Few things are scarier on a busy work day than having your personal or office computer suddenly be “at risk.” We’ve all heard of viruses, worms, Trojans and malware. Each one is different, but all are equally scary.
As the term implies, viruses are pieces of programming-code that get attached to data files introduced via disks or the internet. It’s important to note that a virus cannot be spread without a human action (such as running an infected program). Due to this fact, people often unknowingly spread viruses by sharing infected files or sending virus-infected attachments via email. More recently, the term “malware,” which is a combination of the two words “malicious” and “software,” has generally come to replace the word “virus” as the main archenemy of computers.
Worms are programs that replicate themselves from system to system without any human action or the use of a host file. A worm travels by taking advantage of file or information transport features on your system and can potentially wreck havoc – even to servers.
Trojans don’t replicate but appear to be one thing – like an innocent email – when they’re actually applications that, when triggered, can cause data loss or theft on your computer. Trojans fool us into thinking they’re normal and safe, so we click on them – inadvertently inviting them onto our computers.
Phishing: Another Hacker Ploy to Know About
We recently had a woman call us in a panic, exclaiming that, while researching on the Internet, her computer had suddenly been overtaken by an eerie, immoveable blue screen. The screen was virtually frozen in place and wouldn’t go away no matter what she did (beyond a total shut down). The displayed message – as well as a voice that blared from her speakers – urged her to phone Microsoft immediately (a phone number was displayed) because dangerous malware had entered my computer and was causing serious damage! A box for checking OK was also provided.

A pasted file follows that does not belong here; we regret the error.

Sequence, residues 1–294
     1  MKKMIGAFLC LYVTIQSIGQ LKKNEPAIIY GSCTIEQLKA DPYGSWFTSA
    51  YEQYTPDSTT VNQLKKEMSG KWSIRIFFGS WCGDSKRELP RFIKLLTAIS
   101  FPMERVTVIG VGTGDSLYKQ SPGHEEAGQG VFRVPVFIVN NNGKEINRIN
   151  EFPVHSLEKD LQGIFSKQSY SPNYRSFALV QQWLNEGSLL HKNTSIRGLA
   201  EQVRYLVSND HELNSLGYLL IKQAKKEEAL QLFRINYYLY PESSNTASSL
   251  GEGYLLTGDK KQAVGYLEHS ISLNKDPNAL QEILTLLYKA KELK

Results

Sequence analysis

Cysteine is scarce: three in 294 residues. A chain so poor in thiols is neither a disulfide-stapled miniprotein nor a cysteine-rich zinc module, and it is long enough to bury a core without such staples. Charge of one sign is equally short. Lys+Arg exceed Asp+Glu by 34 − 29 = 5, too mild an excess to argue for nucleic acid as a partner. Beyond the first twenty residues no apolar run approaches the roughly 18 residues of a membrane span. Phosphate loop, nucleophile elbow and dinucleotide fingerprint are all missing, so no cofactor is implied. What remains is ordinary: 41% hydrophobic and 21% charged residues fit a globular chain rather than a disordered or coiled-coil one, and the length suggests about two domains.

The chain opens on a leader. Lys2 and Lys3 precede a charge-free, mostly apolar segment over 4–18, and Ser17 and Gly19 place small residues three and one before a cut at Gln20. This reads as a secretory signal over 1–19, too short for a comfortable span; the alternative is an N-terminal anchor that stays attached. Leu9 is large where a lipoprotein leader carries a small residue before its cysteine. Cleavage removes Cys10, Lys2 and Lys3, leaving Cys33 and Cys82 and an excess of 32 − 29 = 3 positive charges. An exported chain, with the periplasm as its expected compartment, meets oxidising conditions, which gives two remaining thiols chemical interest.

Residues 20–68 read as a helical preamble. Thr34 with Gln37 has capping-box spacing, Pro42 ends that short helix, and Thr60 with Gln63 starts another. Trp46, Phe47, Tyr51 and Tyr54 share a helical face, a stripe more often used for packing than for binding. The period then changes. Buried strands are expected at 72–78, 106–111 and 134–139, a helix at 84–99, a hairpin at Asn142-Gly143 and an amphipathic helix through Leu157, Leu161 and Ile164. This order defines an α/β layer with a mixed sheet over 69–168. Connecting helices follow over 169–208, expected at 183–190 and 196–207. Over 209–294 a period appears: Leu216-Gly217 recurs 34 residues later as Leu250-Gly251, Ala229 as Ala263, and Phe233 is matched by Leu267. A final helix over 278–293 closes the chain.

In this case, the woman was savvy enough NOT to phone the number shown or click the box. (She phoned us instead.) Had she complied and made the phone call, the person on the other end would have convincingly claimed to be with Microsoft and that software needed to be downloaded immediately onto the woman’s computer that would allow them to “remote in” and do security scans and fixes. Of course, this required a payment, which needed to be sent immediately via credit card.
You get the picture.
This is an example of phishing, a form of online identity theft, through which fraudsters trick Internet users into giving them important personal data – such as a credit card number. NEVER, EVER cave to this kind of online intimidation – no matter what it is. Instead, here’s what you need to do:
- Don’t panic. Take a deep breath and realize it’s just a trick and that your computer is probably safe.
- Never follow their instructions; instead, close the web browser you’re using or, if necessary, do a forced shut down.
- If, when you power back on and go on the internet, you get the same webpage and blaring message, then do another forced shut down and call Hungate Business Services (HBS) at 276-243-4026 or email our help desk at firstname.lastname@example.org. We can guide you in locating a different browser on your computer, so we can “remote in” and assess what’s going on. Never allow just anyone to remote into your computer – only someone you totally trust.
It might be a good time to do a security assessment of your home or business office systems. Call HBS, and we will review your firewall protection and operating systems’ antivirus security software to make sure it’s adequate and up-to-date. Also, always remember to back up your data frequently.